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America’s states and cities are emerging from political exile.
President-elect Joe Biden’s proposed cabinet includes at least six officials who have led municipalities or states, like former South Bend Mayor Pete Buttigieg and Rhode Island Governor Gina Raimondo. That’s in sharp contrast to President Donald Trump, whose cabinet relied heavily on corporate and industry insiders.
On Thursday, state and local leaders got a glimpse of what an ally in the White House could mean. Biden outlined an economic stimulus package that would provide $350 billion in aid to municipal governments. Such help was a major roadblock in stimulus negotiations in 2020, with Trump repeatedly characterizing it as a bailout for Democratic states like Illinois.
The sea change comes after four years of political attacks by the Trump administration on what he has called “Democrat-run cities” that have had real-world impacts, from Covid-19 aid to more regional issues like stalled funding of the Gateway railtunnel to link New York and New Jersey. Mayors have spent years sparring with the White House over itsimmigration policies, and after protests over police brutality and racism in 2020, his administrationlabeled cities like New York City “anarchist jurisdictions” and threatened to withhold federal funding.
“It’s no secret that the outgoing administration did not view cities, for the most part, favorably,” said South Bend Mayor James Mueller. He said he hopes Biden’s cabinet picks like Buttigieg, who Biden nominated to lead the Department of Transportation, are a signal that cities “will be treated better” under the new administration.
Related: Biden Seeks $1.9 Trillion for Relief Bill in First Economic Plan
The most immediate issue that mayors and governors are pressing is budgetary relief to ease the economic fallout from the pandemic, which has crimped local tax revenue while increasing costs for services. In a Jan. 13 letter to Congress, the American Federation of State, County and Municipal Employees and other groups pushed for the passage of $1 trillion in emergency funding for states, cities, towns and schools.
Biden’s plan would send $350 billion to state and local governments, more than double the $160 billion that a number of Republican members of Congress had backed late last year in a bipartisan compromise proposal.
Federal relief measures so far have supported municipal tax revenues indirectly by propping up consumer spending and small businesses, but local officials have warned that the outlook is uncertain as the pandemic continues to spread, signaling more shutdowns and economic pain to come. Tax collections also tend to lag economic conditions.
Kathy Maness, president of the National League of Cities, said she was encouraged by Biden’s choice of leaders who come with an understanding of state and local issues. “They get it,” said Maness, a town council member for Lexington, South Carolina. “They get what it’s like to run a city.”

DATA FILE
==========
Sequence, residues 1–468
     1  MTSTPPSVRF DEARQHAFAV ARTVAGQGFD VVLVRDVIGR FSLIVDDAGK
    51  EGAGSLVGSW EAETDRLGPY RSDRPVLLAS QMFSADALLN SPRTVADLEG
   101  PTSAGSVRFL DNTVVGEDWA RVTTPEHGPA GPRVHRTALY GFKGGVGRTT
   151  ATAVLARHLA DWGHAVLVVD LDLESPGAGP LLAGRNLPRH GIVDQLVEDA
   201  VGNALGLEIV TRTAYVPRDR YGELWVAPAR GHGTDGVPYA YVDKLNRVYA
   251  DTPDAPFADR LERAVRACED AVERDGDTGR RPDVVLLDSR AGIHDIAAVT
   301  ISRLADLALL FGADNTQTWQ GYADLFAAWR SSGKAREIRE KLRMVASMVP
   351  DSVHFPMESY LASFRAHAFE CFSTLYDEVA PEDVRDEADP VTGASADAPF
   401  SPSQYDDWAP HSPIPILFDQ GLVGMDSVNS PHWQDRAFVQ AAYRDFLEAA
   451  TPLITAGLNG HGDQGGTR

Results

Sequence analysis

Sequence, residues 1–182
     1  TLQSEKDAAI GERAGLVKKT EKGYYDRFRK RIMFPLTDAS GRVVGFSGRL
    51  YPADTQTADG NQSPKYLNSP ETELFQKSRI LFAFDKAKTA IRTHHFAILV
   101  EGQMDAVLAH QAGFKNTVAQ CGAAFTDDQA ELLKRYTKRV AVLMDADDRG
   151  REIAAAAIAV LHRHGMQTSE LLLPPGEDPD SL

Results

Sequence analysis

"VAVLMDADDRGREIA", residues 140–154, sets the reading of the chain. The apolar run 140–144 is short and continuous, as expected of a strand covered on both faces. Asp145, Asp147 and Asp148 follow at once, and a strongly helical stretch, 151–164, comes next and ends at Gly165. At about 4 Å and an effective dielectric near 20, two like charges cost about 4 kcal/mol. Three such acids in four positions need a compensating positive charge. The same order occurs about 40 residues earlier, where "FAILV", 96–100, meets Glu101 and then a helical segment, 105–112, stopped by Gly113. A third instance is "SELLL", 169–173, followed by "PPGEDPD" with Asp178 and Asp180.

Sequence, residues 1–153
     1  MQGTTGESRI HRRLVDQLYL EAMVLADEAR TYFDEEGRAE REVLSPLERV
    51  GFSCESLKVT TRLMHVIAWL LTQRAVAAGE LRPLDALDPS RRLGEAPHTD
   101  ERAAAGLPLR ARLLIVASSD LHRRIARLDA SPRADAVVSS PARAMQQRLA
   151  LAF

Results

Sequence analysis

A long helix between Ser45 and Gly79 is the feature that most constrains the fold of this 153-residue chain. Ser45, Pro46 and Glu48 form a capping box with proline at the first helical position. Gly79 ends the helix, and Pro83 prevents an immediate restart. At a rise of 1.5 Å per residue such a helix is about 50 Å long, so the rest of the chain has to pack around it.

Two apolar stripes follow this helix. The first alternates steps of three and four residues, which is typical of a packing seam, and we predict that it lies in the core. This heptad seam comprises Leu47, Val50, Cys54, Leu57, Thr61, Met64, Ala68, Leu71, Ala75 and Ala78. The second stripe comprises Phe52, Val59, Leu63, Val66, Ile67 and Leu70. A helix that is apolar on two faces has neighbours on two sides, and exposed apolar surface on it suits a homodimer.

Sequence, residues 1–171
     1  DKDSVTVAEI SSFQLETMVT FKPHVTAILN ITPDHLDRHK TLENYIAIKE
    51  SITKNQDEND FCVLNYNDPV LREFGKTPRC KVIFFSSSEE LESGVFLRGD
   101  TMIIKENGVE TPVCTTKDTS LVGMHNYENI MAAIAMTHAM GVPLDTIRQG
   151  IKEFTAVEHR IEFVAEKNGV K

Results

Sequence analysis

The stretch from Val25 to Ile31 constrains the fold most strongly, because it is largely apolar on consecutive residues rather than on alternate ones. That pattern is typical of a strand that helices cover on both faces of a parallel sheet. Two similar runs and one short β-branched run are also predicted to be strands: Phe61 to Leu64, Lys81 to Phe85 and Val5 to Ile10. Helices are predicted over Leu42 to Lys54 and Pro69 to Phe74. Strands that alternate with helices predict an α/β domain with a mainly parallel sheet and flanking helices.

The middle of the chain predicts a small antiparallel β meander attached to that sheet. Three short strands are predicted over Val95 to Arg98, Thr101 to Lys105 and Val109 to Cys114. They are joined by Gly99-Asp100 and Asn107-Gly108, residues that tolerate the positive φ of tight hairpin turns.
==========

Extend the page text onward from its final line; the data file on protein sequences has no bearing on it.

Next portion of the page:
Roads and Bridges
Mayors and governors also are looking for the Biden administration to push forward a comprehensive federal infrastructure package, something that Trump promised during his first presidential campaign but failed to deliver.
“If you listen to localities you’re going to learn things,” said Henry Cisneros, a former mayor of San Antonio, Texas, and former secretary of the Department of Housing and Urban Development. “And I think this administration has put people in place, like Pete Buttigieg, who understand that.”
Buttigieg has already said he’ll bring a “mayor’s perspective” to the job and touted his focus on infrastructure as a tool to revive South Bend after the 2008 recession.
Raimondo, who Biden is nominating to lead the Commerce Department, is also seen as an infrastructure advocate. As governor of Rhode Island, she spearheaded an infrastructure plan financed by tolling commercial trucks. Boston Mayor Marty Walsh, Biden’s nominee for Labor Secretary, is thefocus of a new 4.5-hour Frederick Wiseman documentary that puts a spotlight on the efficacy of local government. The cabinet nominations also include U.S. Representative Marcia Fudge, former mayor of Warrensville Heights, Ohio, Tom Vilsack, former governor of Iowa, and Jennifer Granholm, former governor of Michigan.
Adie Tomer, who leads the Metropolitan Infrastructure Initiative at the Brookings Institution, said he expects that the Biden administration may foster an array of “pro-metropolitan” policies. That will also be a way for Biden to deliver benefits to his electoral base in big cities like Atlanta, he said.
It will help that Buttigieg and the other nominees with mayoral and gubernatorial experience may also have a strong network of local officials that they can draw on, Tomer said.
“There’s not going to be an adversarial relationship,” he said. “They’re going to be really excited to work with the Biden administration.”
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